Implied consent for vaccination

I’m as virulently opposed to the not-vaccines as anyone, and frankly believe those responsible for creating them, advocating for them, and mandating them should be found guilty of crimes against humanity, but it is wise to avoid mischaracterizing the actions of the other side if one’s criticisms are to remain credible. For example, I’ve read the WHO report entitled Considerations regarding consent in vaccinating children and adolescents between 6 and 17 years old, and it simply does not indicate that the WHO “now considers your child’s presence in school informed consent to vaccinate that child”.

This is what the report actually says:

1. A formal, written consent process is used, particularly in middle- and high-income countries that have a higher percentage of literate populations and a longer history of providing vaccination to older age groups. Vaccination of this target group may be delivered through school health services. Health authorities inform the parents about the vaccination and written consent from the parent is required to opt-in, i.e. give permission for the older child/adolescent to be vaccinated. Alternatively, a written form is used to allow parents to express non-consent (or refusal) to vaccination of their child. This is known as an opt-out procedure.

2. A verbal consent process, whereby consent is given verbally by the parent after being duly informed about the vaccination. However, this approach can only be used when parents accompany the child to the vaccination.

3. An implied consent  process by which parents are informed of imminent vaccination through social mobilization and communication, sometimes including letters directly addressed to the parents. Subsequently, the physical presence of the child or adolescent, with or without an accompanying parent at the vaccination session, is considered to imply consent. This practice is based on the opt-out principle and parents who do not consent to vaccination are expected implicitly to take steps to ensure that their child or adolescent does not participate in the vaccination session. This may include not letting the child or adolescent attend school on a vaccination day, if vaccine delivery occurs through schools….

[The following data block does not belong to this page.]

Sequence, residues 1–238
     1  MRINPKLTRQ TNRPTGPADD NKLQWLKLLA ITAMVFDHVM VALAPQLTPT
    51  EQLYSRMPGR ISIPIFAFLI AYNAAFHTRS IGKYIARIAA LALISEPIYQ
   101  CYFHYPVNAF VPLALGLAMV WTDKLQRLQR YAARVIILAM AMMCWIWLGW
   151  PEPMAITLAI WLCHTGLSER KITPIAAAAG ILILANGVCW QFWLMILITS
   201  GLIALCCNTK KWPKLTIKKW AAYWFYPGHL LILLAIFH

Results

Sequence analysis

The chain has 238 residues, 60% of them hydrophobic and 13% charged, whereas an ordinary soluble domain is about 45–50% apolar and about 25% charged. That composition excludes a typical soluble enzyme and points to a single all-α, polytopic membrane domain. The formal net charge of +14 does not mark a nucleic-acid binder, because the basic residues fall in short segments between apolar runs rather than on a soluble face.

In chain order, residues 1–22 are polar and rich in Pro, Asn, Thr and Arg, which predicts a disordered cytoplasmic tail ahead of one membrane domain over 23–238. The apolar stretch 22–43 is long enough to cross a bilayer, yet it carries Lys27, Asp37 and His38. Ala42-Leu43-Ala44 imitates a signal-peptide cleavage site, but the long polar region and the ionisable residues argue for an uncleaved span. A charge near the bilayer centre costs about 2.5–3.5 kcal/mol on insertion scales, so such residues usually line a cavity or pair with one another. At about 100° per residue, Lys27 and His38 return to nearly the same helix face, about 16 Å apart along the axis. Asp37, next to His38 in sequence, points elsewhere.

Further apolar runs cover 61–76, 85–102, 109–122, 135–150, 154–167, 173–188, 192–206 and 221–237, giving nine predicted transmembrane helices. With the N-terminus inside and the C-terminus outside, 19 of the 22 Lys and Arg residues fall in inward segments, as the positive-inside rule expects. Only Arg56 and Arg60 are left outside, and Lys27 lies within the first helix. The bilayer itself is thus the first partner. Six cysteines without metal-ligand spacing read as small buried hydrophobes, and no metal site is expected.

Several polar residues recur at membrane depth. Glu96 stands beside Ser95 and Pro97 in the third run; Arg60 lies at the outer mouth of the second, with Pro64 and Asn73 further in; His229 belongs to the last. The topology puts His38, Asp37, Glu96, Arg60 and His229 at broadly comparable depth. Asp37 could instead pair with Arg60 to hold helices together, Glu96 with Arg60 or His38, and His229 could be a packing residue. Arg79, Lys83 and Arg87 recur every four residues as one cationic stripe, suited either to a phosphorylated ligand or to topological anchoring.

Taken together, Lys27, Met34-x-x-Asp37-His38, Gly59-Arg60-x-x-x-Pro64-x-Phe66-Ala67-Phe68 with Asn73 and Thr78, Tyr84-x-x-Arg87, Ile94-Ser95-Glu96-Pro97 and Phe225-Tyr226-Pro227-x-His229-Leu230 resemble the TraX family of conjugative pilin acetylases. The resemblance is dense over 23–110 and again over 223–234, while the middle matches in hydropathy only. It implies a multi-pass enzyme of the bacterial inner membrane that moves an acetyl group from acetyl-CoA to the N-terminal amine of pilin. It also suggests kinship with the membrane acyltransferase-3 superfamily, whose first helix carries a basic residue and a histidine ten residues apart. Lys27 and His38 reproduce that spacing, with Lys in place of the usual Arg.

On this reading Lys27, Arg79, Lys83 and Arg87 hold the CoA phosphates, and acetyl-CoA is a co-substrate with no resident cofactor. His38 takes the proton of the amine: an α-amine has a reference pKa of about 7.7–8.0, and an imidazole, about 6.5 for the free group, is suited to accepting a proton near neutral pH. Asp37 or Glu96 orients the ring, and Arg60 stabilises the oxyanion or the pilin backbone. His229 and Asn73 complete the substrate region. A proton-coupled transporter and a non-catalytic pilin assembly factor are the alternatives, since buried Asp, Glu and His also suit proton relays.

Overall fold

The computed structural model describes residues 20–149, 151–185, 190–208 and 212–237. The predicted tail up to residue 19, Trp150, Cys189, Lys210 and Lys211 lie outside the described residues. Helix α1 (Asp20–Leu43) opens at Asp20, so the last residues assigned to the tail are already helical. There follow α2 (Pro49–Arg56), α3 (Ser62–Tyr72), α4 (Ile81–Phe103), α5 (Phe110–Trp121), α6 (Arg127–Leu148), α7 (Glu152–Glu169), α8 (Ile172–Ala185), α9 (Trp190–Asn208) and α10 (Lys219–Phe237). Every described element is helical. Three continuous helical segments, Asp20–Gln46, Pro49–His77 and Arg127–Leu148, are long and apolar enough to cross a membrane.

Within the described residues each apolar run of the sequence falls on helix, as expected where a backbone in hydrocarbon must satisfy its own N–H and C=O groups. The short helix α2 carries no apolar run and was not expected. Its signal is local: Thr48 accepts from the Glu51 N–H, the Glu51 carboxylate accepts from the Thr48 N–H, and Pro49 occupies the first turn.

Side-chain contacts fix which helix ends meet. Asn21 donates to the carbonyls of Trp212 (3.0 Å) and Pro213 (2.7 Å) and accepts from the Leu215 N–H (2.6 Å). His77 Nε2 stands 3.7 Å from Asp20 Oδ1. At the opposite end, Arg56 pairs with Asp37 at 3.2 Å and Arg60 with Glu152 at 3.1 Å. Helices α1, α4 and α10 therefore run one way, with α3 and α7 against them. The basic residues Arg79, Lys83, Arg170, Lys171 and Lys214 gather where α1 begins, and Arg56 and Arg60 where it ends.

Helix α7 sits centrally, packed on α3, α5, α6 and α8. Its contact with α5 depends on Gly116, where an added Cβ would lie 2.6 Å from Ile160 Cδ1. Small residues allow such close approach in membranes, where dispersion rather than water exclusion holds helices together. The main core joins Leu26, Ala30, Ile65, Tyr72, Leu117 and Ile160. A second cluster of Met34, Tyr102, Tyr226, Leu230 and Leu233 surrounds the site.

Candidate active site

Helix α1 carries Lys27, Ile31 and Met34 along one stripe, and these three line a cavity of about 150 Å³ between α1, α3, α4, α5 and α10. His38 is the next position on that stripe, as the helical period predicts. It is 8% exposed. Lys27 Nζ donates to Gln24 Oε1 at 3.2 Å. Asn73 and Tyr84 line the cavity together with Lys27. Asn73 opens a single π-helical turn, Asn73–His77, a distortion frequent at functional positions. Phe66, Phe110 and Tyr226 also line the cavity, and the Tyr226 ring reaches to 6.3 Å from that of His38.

A common concern is that consent procedures affect vaccine acceptance and coverage. When comparing data from countries using written consent and those using informal, verbal or implied consent processes, comparable levels for vaccination can be seen in both settings.This suggests that the association between the informed consent procedure that a country uses, and actual levels of immunization coverage, is not strong.

While every parent should be wary of the “implied consent” standard and be certain that it does not apply to one’s children’s schools, the key is the distinction between the opt-in and the opt-out standards. But in both cases, for the time being, parental authority is still being respected.

That being said, you had better learn your local laws and take action accordingly. It might already be time to leave Canada to the Chinese.

Dozens of children flocked to the playground of Gordon A. Brown Middle School on Wednesday afternoon, to eagerly await their first dose of the Pfizer vaccine. Most were accompanied by parents, or older siblings, as the East York school announced Wednesday morning it would launch a pop-up clinic that afternoon.

Many parents had already been vaccinated — they were there to provide support. What they weren’t there for was to give permission. In Toronto, those 12-15 don’t need a parent or guardian to allow them to take the vaccine. Health Canada approved the Pfizer COVID-19 vaccine for those aged 12 to 15 on May 5, making Canada the first country to do so, with the hopes that school restrictions could be eased in the fall.